Five years ago, Anna Landmark sent me a letter, applying for a $2,500 Beginning Cheesemaker Scholarship through my organization, Wisconsin Cheese Originals. Dated January 29, 2012, she thanked me for considering her application, which listed her current position as a policy research director for a non-profit advocacy organization, along with past jobs in communications consulting, political campaign management and community organization.
I thought to myself: why on earth does this woman want to be a cheesemaker?
And then I turned the page. It read:
“My first recollection of eating cheese is at my grandparent’s dairy farm in Mount Horeb. They always had a large block of Swiss cheese sitting under a glass dome on the kitchen table. It would be brought out for breakfast in the morning and generally left on the table until the end of the day when it was wrapped up and put into the refrigerator. My grandfather was a stout Swiss farmer, his grandfather one of the original settlers of New Glarus, and milk, cheese and butter were staples. Swiss cheese with breakfast, with dinner, and with supper. Sometimes aged and sharp as can be, sometimes Baby with a mild bit and perfect elasticity. I loved it all.”
Heart. The girl had heart. Her application would go on to say she had started taking cheesemaking courses at UW-Madison, that she and her husband had bought a small farm near Albany, and that her grandfather was enjoying watching her return to the cheese world. But the sentence that sealed the deal was: “My grandfather is still skeptical anyone on a small scale can really make a living doing it. But I want to find out: can I build a successful business making sheep milk cheeses?”
Needless to say, Anna Landmark won that year’s scholarship, went on to earn her cheesemaker’s license, and today owns and operates Landmark Creamery with business partner Anna Thomas Bates. She crafts seasonal sheep, cow and mixed milk cheeses, renting space at Cedar Grove in Plain and Thuli Family Creamery in Darlington. At both the 2017 and 2015 U.S. Championship Cheese Contests, her fresh sheep’s milk cheese, Petit Nuage, won a Gold Medal, and she continually wins awards for her cheeses each year at the American Cheese Society competition.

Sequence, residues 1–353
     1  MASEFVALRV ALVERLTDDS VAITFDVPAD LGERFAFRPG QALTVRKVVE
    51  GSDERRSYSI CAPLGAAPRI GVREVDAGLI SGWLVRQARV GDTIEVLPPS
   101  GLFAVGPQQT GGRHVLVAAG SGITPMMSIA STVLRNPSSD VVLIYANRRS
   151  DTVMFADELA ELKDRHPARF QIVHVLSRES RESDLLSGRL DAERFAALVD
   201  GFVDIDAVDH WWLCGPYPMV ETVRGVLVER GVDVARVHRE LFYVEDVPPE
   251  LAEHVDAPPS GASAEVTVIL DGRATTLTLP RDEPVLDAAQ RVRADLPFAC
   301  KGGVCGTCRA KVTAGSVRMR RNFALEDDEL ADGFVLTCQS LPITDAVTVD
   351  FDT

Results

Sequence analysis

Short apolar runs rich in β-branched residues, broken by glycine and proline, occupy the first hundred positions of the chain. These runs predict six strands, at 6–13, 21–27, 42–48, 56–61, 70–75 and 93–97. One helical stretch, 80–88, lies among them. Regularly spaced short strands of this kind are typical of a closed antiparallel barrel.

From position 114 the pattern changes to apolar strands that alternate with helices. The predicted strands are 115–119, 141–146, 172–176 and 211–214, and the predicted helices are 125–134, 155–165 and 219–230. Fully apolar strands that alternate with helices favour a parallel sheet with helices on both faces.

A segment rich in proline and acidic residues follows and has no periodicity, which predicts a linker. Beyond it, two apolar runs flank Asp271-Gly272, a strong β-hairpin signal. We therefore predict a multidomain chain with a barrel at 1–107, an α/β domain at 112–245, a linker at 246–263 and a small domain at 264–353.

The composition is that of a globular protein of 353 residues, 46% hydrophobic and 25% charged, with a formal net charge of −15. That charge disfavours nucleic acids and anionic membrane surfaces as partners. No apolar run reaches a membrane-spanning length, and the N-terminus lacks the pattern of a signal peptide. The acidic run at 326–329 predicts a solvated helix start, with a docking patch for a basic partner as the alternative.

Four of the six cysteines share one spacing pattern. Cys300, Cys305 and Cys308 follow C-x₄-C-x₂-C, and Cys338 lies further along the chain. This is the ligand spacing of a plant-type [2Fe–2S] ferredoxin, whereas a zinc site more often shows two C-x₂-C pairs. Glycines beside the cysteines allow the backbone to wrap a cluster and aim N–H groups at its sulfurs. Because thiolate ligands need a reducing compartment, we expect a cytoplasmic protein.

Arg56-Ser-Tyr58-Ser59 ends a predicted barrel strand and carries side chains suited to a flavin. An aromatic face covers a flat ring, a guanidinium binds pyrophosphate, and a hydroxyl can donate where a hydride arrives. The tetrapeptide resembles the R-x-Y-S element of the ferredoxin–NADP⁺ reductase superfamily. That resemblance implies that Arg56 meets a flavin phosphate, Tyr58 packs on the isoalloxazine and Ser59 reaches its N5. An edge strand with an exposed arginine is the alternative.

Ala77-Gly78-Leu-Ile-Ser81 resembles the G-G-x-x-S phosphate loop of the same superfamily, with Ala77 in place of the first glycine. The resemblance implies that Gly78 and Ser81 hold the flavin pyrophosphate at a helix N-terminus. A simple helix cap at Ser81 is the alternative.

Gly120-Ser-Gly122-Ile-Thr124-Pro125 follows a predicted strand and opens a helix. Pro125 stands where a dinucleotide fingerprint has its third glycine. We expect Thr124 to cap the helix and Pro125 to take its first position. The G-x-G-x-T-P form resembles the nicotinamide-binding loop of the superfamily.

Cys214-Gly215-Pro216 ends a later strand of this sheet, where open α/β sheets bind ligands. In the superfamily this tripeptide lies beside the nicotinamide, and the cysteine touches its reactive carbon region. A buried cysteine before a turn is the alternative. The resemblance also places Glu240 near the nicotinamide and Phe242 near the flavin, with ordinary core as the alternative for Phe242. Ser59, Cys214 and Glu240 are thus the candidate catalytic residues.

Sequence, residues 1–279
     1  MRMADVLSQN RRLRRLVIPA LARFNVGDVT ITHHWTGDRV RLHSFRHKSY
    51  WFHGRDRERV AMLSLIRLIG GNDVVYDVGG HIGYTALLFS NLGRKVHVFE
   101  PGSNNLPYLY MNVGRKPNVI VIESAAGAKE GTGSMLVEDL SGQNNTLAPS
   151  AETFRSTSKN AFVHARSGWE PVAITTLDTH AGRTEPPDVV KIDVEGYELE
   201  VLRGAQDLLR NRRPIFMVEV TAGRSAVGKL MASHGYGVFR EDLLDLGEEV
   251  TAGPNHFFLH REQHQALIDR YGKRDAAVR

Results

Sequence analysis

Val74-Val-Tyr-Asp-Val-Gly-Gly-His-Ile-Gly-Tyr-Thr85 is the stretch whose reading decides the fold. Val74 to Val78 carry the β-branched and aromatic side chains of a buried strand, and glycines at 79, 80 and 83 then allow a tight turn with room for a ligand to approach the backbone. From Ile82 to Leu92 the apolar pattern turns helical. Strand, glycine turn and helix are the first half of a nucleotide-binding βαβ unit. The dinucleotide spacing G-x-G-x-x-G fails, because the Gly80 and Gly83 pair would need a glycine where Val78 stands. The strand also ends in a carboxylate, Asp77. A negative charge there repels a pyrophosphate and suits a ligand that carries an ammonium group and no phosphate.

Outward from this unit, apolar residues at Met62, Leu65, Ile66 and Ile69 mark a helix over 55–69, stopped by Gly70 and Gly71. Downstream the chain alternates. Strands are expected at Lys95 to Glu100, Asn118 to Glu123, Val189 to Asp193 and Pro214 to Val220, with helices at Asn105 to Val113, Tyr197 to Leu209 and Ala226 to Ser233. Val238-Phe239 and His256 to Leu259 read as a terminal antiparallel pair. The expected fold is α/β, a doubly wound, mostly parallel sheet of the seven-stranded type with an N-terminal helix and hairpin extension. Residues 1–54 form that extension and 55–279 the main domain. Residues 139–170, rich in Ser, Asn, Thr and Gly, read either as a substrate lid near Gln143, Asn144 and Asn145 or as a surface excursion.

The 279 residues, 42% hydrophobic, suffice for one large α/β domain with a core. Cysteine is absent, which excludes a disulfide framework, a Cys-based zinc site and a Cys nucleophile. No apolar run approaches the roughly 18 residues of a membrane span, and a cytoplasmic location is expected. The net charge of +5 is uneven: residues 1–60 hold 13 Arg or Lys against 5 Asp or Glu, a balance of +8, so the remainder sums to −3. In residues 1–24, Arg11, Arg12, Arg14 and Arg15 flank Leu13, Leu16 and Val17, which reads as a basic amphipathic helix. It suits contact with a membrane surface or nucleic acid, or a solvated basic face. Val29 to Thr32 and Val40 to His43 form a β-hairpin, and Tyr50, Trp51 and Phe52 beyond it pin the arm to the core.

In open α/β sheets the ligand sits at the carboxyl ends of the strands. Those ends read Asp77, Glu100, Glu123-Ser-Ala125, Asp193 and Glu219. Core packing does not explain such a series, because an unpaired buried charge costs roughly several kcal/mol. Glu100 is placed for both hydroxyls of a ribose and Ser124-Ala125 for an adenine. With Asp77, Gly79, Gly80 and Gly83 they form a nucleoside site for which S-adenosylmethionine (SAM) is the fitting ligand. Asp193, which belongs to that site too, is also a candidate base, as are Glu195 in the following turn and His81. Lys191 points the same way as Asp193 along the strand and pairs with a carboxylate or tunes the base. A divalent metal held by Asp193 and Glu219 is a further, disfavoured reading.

Today, readers of Cheese Underground, you have a chance to help the dynamic Anna duo complete their dreams. That’s because Landmark Creamery is nearing the end of a Kickstarter campaign, where it is seeking $25,000 in seed money to build a cheese aging space and to purchase more efficient equipment, allowing the Annas to create new cheeses and buy more milk from Wisconsin family farms. With just five days to go, they are only $4,000 short of their goal.
And, while the past five years have witnessed the birth and early success of Landmark Creamery, with your help, dear readers, it can go even further. Here is Anna’s statement from 2012, describing her business 10 years in the future:
“In 2022, I hope to have nine years of making and selling sheep milk cheeses under my belt, and to be anticipating enrolling in the UW’s Master Cheese Making program. My goal is to have my own cheese plant, growing to produce 100,000 pounds of cheese per year, with distribution regionally and to the elite markets on the coasts. I feel so inspired when making cheese. I hope my business will be a credit to the dairy industry in Wisconsin, and that my cheeses will be delicious and unique enough to become Wisconsin Originals.”
Mission accomplished, my dear. Now let’s help you write the next chapter. Your grandpa would be proud.
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